News Archive : Japan Real Estate

Tuesday, November 15, 2005

Foreign investors pump up Tokyo stocks, but will the Japanese join them?

Saturday, November 12, 2005
Foreign investors pump up Tokyo stocks, but will the Japanese join them?
By Hans Greimel / Associated Press
The Detroit News

TOKYO -- Garry Evans has been a busy man lately, jetting off to meetings in the United States to advise enthusiastic fund managers on one of the hottest topics in investing: this year's big rally in the Japanese stock market.

"There are two types of views on Japan -- there's bullish and there's very bullish," says Evans, a Hong Kong-based Asia equity analyst for HSBC Securities Inc. "That is clearly where people's biggest interest is at the moment."

Foreign money, nearly two-thirds of it from North America, has piled into Japan in recent months, fueling a 27 percent jump in the Tokyo Stock Exchange's benchmark Nikkei 225 Index since May and leading to record-high trading volumes this week.

Overseas investors plowed a net $40.6 billion into Japanese shares from July to September alone -- more than half of last year's total -- and now account for 60 percent of daily trading, according to Tokyo Stock Exchange data. A quarter of all shares listed in Tokyo are currently owned by non-Japanese investors.

The surge is supported by new optimism about the world's second-largest economy and may even sap momentum from Wall Street as investors look across the Pacific.

But analysts also warn the party could end with a hangover amid concerns about a global slowdown, the dollar's rise and a suspicious absence of Japanese buyers.

Underscoring the rally, trading volume hit an all-time high of 4.558 billion shares on Tuesday for the 1,600 companies listed on the Tokyo exchange's first section -- more than that day's combined turnover on the New York Stock Exchange and the Nasdaq.

Japanese stocks had lost about 80 percent of their value between late 1989 and 2003, as the country struggled with a burst real estate bubble, sluggish corporate earnings, rising unemployment and mountains of bad debt at the nation's banks.

Now, Japan's steady economic recovery makes the stock market seem like a bargain-priced safe haven, while concerns about inflation and interest rate hikes in the United States undercut enthusiasm for Wall Street, which has mostly flatlined this year.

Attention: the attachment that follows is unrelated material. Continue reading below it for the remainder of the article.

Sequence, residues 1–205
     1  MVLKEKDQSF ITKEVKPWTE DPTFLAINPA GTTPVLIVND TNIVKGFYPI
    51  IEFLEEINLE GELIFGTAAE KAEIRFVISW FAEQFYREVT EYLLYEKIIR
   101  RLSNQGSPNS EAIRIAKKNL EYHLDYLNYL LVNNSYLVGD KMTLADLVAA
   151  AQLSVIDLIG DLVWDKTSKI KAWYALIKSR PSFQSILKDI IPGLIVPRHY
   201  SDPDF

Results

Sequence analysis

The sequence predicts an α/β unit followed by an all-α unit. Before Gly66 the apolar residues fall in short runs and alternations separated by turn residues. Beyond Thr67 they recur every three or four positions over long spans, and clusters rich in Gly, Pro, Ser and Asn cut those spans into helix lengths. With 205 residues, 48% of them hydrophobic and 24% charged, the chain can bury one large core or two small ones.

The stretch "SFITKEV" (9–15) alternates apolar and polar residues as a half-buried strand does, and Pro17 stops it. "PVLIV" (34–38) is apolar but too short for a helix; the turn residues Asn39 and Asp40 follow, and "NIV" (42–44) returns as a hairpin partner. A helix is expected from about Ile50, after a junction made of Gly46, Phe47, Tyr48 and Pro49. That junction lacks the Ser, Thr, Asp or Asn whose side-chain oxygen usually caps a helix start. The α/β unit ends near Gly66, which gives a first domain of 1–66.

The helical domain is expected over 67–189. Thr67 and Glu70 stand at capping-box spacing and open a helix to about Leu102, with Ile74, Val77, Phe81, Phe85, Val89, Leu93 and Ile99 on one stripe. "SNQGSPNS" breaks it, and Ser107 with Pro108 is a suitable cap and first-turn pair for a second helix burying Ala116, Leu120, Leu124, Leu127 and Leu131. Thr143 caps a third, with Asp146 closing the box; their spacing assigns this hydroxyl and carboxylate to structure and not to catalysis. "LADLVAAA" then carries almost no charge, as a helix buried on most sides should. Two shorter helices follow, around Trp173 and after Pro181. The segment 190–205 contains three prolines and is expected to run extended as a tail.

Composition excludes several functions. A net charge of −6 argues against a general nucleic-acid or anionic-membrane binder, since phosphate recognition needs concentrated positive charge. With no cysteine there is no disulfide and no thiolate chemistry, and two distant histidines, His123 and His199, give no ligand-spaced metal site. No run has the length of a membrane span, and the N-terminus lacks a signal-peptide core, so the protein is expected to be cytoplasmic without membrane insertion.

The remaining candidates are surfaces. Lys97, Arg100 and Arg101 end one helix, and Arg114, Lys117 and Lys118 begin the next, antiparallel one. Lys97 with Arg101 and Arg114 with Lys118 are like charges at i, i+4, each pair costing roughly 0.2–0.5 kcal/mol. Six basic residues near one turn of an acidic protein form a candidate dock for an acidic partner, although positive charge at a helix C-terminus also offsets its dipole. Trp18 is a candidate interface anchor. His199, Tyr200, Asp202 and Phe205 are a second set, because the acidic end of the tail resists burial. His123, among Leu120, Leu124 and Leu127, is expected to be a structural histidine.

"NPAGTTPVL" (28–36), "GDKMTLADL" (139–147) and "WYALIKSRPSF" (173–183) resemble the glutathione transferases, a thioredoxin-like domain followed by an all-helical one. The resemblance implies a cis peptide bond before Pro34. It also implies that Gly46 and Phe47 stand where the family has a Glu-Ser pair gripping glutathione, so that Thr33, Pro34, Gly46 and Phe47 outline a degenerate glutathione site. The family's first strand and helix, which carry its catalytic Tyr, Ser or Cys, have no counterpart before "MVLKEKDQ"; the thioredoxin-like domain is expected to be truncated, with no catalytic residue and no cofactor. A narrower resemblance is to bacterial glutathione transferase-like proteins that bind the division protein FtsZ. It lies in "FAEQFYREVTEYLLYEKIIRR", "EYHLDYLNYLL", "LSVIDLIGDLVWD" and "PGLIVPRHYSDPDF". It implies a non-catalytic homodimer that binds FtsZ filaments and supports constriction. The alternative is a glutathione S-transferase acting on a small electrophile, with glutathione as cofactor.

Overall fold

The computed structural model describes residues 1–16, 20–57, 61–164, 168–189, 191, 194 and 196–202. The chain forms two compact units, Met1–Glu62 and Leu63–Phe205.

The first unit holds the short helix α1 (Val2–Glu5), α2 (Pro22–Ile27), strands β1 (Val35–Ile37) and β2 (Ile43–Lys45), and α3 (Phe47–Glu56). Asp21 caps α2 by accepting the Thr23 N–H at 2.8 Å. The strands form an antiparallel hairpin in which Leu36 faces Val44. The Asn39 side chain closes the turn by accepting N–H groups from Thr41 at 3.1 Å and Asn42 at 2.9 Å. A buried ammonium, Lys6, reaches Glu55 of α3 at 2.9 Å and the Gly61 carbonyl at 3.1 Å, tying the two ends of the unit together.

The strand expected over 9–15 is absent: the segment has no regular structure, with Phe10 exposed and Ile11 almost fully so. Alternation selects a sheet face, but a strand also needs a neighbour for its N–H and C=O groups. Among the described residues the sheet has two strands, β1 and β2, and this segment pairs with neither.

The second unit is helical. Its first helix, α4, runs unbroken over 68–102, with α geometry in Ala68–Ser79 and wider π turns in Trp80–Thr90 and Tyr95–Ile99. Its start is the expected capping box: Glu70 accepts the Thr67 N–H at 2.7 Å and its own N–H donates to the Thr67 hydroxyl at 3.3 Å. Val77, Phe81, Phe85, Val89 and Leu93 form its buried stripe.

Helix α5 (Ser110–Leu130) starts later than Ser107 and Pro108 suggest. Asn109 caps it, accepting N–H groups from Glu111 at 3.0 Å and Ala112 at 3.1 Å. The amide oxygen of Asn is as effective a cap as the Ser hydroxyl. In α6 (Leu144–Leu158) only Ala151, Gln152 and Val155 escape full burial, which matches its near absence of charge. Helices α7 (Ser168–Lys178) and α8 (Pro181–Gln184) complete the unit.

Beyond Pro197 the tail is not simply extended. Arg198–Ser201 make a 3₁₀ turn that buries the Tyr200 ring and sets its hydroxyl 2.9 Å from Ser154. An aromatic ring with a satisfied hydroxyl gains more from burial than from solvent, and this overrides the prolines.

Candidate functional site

U.S. and other foreign investors "are looking to diversify their risks," said Stuart A. Cox, who manages $223 million invested in Tokyo through the JP Morgan Japan Equity Fund. And Japan's economy is "starting to stand on its own two feet."

The Nikkei index rose to a 4 1/2-year high of 14,080.88 on Thursday, and Cox predicts it could rise another 13 percent to 16,000 by the end of next year.

Japan's economy grew at an annual pace of 1.7 percent in the July-September quarter, the fourth straight quarter of growth, the government reported Friday. The banks' bad loans are largely behind them, and land prices are rising for the first time in 15 years.

Unemployment has ticked up a bit since dropping to 4.1 percent in June, its lowest since 1998, but rising wages have spurred consumer spending and companies have increased investment.

But Japanese investors, not fully convinced the economy is really pulling out of its 15-year slump, have largely been absent from the market's rally.

Japanese were net sellers of about $10.7 billion in shares in September, according to the Tokyo Stock Exchange.

Risks do abound, including growing competition with other Asian rivals like South Korea, particularly in electronics, and possible slackening demand from the U.S., a key export market.

"The Japanese stock market is very sensitive to the world economy," said Seiki Orimi, a strategist at UFJ Tsubasa Securities in Tokyo. "I believe the current movement is very much driven by short-term investors."

He predicts the stock boom will begin to taper in April, and that foreigners will start taking profits in the second half of 2006.

Also, for U.S. investors, the rising dollar -- up 13 percent against the yen this year -- clouds the picture.

While the weaker yen boosts profits at Japanese exporters, it also erodes stock gains when converted back to dollars.

Normally, a surge in overseas demand for Japanese stocks would lift the yen. But expectations that the U.S. Federal Reserve will keep raising interest rates, thereby giving dollar-denominated investments higher payoffs, has offset that effect.

Still, foreign investors perceive a structural shift for the better in Japan's economy, thanks to Prime Minister Junichiro Koizumi's financial reforms aimed at shrinking government control and increasing private investment.

Analysts say his pledge to privatize Japan's postal savings and insurance system, approved by parliament last month, will free up some $2.8 trillion for possible injection into the stock market.

International investors are picking up trusted household names like Toyota Motor Corp., whose shares have climbed about 30 percent this year, and electronics maker Canon Inc. which has seen a 15 percent gain.

But they are increasingly eyeing companies geared toward a domestic recovery, such as banks, real estate firms and retailers, which should benefit as increasingly confident consumers borrow and spend more.

Among the winners are Mitsubishi UFJ Financial Group Inc., which was christened last month as the world's biggest bank through a merger. Its shares have risen by half this year.

But investors getting in now have to watch out for overheating stock prices, Evans warned. He is predicting only an 8 percent increase in the Japanese market by next September, compared with the 30 percent jump it's seen since May.

"Anything much higher than that, you'd have to get pretty worried about the valuations," Evans said. "But there's a lot of momentum still to go."